The 15-month long bear market isn’t affecting Bitcoin adoption and usage, new data shows, as on-chain transactions have hit their highest since early January 2018.
Bitcoin Usage Has Been Climbing for 15 Months
Bitcoin network usage continues to rise contrary to the drop in bitcoin price since its historic run-up to nearly $20,000.
The latest data from Blockchain shows the latest spike to nearly 400,000 confirmed on-chain transactions in a period of 24 hours. This is the highest network activity since BTC price was well above $10,000 USD in early January 2018.
It’s also worth noting that the proportion of Bitcoin payments made using Segregated Witness (SegWit) has also been gradually since its activation in summer 2017. These now comprise nearly half of all on-chain Bitcoin transactions, according to the latest data.
SegWit has proven to be a successful step in mitigating transaction fees on the Bitcoin network. Since peaking in December 2017, the cost of using Bitcoin has been at record lows despite the network processing more transactions on average.
1MB+ Bitcoin Block Size is the New Normal
The BTC network is now also regularly producing blocks over the 1MB block size limit that was in place before SegWit activation that made 4MB blocks possible.
The latest daily average block size, for example, has spiked to 1.2MB, though blocks well over 2MB and greater are now quite common.
Earlier this week, Bitcoinist reported that independent ratings agency Weiss Ratings, has upgraded Bitcoin’s tech/adoption rating to an ‘A’ in light of rising network metrics.
Since February 2018, the volume of user (on-chain) transactions among the ten most widely used cryptocurrencies has grown by 245 percent.
The agency also notes that Bitcoin is a “proven leader in adoption” and that “its value is not controlled by monetary authorities, and it can be a safe haven in times of turmoil.”
Unlike [gold], it costs virtually nothing to store or transport.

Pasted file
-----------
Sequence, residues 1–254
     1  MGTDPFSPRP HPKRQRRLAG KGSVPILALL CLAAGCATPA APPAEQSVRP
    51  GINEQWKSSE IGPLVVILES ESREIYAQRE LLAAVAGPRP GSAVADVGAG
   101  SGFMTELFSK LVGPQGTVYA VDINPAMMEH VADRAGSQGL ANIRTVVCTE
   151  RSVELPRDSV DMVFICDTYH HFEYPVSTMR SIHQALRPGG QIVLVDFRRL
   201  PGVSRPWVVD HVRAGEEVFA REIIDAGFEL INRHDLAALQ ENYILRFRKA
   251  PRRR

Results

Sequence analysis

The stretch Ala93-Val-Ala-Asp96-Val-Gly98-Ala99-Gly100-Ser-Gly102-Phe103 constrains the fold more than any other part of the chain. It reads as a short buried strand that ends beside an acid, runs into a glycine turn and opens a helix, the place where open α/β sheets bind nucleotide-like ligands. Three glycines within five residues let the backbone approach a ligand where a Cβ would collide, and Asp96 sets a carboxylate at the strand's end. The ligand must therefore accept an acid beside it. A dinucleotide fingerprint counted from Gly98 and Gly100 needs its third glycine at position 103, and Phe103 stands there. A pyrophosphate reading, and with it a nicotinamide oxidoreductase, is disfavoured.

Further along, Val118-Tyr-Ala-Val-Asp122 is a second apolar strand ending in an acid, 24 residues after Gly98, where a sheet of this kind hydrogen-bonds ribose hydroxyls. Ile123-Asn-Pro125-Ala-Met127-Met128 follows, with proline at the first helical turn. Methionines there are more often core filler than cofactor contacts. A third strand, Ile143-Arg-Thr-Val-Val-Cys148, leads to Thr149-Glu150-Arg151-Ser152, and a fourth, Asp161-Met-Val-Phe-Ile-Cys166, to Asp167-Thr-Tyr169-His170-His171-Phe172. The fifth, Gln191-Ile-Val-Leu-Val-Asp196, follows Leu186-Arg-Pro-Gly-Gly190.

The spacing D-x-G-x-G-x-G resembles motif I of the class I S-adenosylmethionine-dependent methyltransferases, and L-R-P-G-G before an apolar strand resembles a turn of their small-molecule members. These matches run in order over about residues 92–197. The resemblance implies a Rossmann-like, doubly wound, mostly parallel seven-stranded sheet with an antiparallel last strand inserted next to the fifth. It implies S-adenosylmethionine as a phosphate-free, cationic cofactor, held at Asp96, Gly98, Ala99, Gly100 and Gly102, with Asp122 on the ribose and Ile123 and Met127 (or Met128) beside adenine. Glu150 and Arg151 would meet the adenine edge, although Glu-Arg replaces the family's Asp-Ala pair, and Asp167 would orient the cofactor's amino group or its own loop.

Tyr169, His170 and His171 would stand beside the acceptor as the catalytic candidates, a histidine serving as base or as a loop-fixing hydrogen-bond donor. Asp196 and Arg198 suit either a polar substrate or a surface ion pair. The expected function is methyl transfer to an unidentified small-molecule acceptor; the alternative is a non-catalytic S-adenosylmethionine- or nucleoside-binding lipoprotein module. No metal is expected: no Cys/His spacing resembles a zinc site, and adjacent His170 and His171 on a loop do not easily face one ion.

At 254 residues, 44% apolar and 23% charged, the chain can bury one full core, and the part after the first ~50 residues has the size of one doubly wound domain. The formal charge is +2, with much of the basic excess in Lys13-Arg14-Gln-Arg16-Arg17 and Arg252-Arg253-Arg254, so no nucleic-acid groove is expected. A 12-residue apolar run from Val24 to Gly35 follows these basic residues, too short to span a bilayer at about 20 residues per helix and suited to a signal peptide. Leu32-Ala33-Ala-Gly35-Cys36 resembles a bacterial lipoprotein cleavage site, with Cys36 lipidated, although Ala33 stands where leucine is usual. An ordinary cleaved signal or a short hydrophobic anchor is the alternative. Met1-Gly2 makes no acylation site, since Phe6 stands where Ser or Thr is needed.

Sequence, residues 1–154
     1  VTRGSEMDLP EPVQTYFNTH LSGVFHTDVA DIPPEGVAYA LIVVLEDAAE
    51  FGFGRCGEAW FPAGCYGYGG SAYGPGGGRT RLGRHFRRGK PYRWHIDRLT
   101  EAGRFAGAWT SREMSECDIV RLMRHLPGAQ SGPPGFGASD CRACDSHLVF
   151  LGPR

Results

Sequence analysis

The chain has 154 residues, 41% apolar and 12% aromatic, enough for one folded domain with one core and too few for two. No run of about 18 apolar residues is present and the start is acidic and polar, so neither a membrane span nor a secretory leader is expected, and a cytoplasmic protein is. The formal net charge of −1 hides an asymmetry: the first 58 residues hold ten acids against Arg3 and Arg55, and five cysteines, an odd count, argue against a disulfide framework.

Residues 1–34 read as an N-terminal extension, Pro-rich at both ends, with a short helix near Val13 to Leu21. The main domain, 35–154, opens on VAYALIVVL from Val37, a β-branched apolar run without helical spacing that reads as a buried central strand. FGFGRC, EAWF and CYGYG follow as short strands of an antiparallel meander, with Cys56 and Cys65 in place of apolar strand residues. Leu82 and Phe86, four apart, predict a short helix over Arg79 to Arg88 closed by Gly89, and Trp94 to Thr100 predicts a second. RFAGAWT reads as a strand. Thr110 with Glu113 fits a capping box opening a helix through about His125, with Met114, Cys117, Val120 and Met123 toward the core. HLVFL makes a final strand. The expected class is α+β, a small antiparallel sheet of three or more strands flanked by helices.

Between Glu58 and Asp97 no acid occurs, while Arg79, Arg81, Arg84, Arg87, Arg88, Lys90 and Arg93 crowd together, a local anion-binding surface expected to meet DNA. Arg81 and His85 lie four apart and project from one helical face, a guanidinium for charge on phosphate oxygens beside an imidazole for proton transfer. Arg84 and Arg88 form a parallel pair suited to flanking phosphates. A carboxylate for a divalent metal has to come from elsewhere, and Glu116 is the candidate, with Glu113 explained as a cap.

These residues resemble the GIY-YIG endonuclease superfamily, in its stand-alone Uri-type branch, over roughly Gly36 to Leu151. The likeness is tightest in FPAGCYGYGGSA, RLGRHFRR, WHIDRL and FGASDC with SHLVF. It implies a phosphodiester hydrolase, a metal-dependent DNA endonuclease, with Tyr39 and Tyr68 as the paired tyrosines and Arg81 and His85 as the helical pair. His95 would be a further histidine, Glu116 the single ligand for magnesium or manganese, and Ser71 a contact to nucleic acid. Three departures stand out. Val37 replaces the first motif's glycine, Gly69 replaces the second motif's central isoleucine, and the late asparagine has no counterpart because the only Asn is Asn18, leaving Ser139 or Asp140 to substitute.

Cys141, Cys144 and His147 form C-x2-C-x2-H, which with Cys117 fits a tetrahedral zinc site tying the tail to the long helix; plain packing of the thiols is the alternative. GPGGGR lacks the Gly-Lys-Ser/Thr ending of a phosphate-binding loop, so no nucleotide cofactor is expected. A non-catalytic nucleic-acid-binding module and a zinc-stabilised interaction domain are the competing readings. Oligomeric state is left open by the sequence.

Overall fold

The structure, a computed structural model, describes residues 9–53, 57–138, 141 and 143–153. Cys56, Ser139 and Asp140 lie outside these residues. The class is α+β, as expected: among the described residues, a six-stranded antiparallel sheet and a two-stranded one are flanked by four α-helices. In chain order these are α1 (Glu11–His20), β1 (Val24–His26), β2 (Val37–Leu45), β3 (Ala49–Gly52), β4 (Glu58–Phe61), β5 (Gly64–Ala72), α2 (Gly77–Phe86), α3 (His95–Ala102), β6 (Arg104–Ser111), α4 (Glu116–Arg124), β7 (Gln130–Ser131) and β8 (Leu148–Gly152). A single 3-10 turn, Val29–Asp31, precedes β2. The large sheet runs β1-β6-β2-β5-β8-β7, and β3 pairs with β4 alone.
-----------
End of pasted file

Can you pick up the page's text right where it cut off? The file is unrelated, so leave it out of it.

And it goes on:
VeriBlock Likely Behind the Spike
However, some analysts have once again noted that VeriBlock may be responsible for the spike in block size and transaction count.
As Bitcoinist reported last month, Veriblock is a startup that uses Bitcoin’s OP_RETURN outputs to embed additional data for their ‘proof-of-proof’ miners. Regardless, Bitcoin’s network is open-access, therefore, anyone can use it for whatever reason as long as the miner fees are paid.
Earlier this yer, Casa CTO Jameson Lopp was one of the first people to point out that the startup comprised a large share of on-chain transactions.
“VeriBlock miners posted 783,000 transactions to Bitcoin’s blockchain in December and are on track for 1,500,000 in January,” he wrote
Meanwhile, developer Nic Carter, noted today the expanding mempool – the size of the cache of Bitcoin’s unconfirmed transactions – is increasing rapidly, something which pushes up fees.
Mempool filling up. Veriblock back to 20% of Bitcoin transactions. The era of low fees won’t last forever. Consolidate your inputs while you still have time. pic.twitter.com/N4FVD33MHn
— nic carter (@nic__carter) March 29, 2019
“The era of low fees won’t last forever. Consolidate your inputs while you still have time,” he warned on social media.
Is BTC price starting to catch up with rising network statistics? Do these metrics suggest real adoption is taking place? Share your thoughts below!
Images courtesy of blockchain.com, Shutterstock
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